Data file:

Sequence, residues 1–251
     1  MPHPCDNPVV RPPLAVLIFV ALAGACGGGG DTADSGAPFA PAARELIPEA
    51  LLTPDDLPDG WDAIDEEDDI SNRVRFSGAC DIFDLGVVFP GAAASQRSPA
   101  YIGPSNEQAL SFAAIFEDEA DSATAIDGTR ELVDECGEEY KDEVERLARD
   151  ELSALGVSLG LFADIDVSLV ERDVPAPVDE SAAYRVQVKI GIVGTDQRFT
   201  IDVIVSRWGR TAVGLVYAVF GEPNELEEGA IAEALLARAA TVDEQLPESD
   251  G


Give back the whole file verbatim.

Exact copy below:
Sequence, residues 1–251
     1  MPHPCDNPVV RPPLAVLIFV ALAGACGGGG DTADSGAPFA PAARELIPEA
    51  LLTPDDLPDG WDAIDEEDDI SNRVRFSGAC DIFDLGVVFP GAAASQRSPA
   101  YIGPSNEQAL SFAAIFEDEA DSATAIDGTR ELVDECGEEY KDEVERLARD
   151  ELSALGVSLG LFADIDVSLV ERDVPAPVDE SAAYRVQVKI GIVGTDQRFT
   201  IDVIVSRWGR TAVGLVYAVF GEPNELEEGA IAEALLARAA TVDEQLPESD
   251  G